Tuesday 20 September 2016

Book Review: The Traveler's Companion by Christopher John Chater

About the Book

After the death of his wife, Dr. Ryan Iverson turned love into a weapon. His creation, Angela, is an android that fools her targets into falling helplessly in love with her. As Deputy Director of Science and Technology at the CIA, his mission is to use Angela to seduce and destroy internationally wanted playboy and illicit travel book writer C.C. Go. His series of books,The Traveler's Companion, is an infamous guide for wealthy hedonists to indulge their every whim. The newest edition, however, only has one destination: the Zone, a place where mind creates matter, where the sick can be healed with a thought, and where a man's fantasies are made manifest. Dr. Iverson may be the only one who understands the potential dangers in a place C.C. Go calls the womb of creation: Reality doesn't stand a chance. 

"Solaris" meets "The Thomas Crown Affair."

My Review (4 / 5 Stars)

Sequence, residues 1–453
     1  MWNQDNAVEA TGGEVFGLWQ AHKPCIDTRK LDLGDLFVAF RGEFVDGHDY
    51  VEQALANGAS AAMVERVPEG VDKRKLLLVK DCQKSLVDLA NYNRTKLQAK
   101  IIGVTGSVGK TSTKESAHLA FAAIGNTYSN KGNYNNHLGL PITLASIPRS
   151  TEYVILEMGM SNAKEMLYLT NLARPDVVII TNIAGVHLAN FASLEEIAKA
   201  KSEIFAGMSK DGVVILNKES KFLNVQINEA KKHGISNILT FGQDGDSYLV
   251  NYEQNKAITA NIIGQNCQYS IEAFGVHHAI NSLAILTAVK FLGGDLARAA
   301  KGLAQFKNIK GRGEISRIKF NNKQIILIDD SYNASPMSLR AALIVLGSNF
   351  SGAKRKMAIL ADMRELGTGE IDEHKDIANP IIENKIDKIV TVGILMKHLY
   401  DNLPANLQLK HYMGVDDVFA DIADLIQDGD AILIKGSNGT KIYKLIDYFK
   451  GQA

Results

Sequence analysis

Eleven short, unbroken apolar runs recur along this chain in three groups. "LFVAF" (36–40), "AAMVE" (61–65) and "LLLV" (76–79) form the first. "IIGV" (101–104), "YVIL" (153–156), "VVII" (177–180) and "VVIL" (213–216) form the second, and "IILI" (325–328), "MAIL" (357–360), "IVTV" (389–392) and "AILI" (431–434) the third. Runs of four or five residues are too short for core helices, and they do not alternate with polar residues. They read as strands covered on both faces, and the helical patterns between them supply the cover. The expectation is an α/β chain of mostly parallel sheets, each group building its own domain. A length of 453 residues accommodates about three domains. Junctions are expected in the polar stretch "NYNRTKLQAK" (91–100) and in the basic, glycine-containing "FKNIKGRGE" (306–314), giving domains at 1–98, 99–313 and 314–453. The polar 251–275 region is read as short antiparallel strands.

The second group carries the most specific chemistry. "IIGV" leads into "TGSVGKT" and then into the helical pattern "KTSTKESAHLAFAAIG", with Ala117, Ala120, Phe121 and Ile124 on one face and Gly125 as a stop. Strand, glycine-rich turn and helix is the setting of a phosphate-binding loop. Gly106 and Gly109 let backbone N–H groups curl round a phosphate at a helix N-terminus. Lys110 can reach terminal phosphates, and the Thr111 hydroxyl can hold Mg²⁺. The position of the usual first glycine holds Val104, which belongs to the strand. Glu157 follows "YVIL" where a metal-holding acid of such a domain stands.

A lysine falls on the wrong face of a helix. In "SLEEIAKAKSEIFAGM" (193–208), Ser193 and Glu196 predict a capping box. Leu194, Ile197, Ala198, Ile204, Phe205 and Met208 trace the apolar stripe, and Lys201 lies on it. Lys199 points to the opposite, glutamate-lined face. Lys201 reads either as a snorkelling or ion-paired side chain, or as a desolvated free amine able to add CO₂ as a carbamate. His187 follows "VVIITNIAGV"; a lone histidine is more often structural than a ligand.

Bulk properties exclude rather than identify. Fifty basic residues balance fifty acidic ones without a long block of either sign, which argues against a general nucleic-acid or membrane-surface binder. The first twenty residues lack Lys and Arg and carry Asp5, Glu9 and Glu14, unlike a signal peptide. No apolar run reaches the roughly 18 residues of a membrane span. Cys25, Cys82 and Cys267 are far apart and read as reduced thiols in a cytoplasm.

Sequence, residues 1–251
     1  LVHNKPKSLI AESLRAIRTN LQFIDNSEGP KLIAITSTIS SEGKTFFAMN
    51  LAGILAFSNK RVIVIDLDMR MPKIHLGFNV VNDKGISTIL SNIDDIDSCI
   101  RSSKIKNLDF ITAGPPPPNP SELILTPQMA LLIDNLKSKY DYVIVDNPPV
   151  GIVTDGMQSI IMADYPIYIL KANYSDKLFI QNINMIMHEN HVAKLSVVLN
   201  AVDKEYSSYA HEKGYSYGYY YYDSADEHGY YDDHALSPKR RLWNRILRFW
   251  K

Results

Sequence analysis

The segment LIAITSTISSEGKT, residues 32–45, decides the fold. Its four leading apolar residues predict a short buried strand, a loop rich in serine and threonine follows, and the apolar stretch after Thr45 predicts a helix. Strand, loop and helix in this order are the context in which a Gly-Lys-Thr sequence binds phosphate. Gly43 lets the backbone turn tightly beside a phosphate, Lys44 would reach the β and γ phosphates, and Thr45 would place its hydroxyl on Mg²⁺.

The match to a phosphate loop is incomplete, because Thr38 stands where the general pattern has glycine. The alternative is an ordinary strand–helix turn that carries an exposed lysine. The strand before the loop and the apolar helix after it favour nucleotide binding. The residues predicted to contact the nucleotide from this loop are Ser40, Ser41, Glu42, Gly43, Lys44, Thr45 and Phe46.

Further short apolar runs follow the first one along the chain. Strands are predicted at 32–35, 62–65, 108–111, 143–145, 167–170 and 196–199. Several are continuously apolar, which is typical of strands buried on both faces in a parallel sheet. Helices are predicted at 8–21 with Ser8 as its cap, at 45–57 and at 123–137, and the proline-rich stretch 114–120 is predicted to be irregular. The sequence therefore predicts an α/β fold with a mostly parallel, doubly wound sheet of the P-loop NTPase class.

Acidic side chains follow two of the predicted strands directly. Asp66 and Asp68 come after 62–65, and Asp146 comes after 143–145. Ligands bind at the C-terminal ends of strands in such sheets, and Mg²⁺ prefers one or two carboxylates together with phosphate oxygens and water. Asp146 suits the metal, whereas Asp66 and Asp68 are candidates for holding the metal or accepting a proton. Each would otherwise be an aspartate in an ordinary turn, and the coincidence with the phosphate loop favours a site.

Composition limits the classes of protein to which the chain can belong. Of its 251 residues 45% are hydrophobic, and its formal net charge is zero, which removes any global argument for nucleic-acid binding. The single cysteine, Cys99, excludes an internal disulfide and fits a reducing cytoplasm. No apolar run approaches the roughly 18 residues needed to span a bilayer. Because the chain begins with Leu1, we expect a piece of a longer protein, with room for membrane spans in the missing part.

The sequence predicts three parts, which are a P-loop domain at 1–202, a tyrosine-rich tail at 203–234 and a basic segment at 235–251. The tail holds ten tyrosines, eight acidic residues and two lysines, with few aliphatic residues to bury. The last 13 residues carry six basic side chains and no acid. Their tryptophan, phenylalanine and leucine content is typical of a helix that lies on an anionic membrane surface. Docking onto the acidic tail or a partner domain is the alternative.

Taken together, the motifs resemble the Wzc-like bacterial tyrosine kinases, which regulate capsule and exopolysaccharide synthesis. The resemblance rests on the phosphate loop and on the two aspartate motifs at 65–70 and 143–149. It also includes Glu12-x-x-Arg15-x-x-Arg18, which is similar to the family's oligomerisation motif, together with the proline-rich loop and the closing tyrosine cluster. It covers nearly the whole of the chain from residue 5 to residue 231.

Pretty early on in this book, one of the characters postulates that God exists, and announces that he's going to prove it using M Theory.

There are some complicated topics around quantum physics discussed in this book, but I didn't once feel out of my depth - even though quantum physics is a subject that normally confuses the stuffing out of me! I think that's because the author researched his topic extremely well (or he's a physicist himself), and he's extremely good at explaining things in layman's terms.

I won't tell you whether this character succeeded or not, but the basic premise of this book is that a rift has been found between reality and another dimension called The Zone. 

At the same time, the protagonist, a CIA scientist by the name of Dr Iverson is working on an android woman, an artificial intelligence which he hopes to use to capture some of the CIA's most wanted criminals... by making them fall in love with her and divulge all their secrets.

It may sound a bit silly, but I actually found it quite plausible, and the situations quite believable. Other than the odd typo or grammatical faux pas, I thoroughly enjoyed this book. The characters have depth, the settings are well defined, and the plots and subplots are just intricate enough to keep you thinking, but not so much as to bog you down and confuse you.

If you're into science fiction and thrillers (i.e. technothrillers), you won't be disappointed in this book.

Buy the Book

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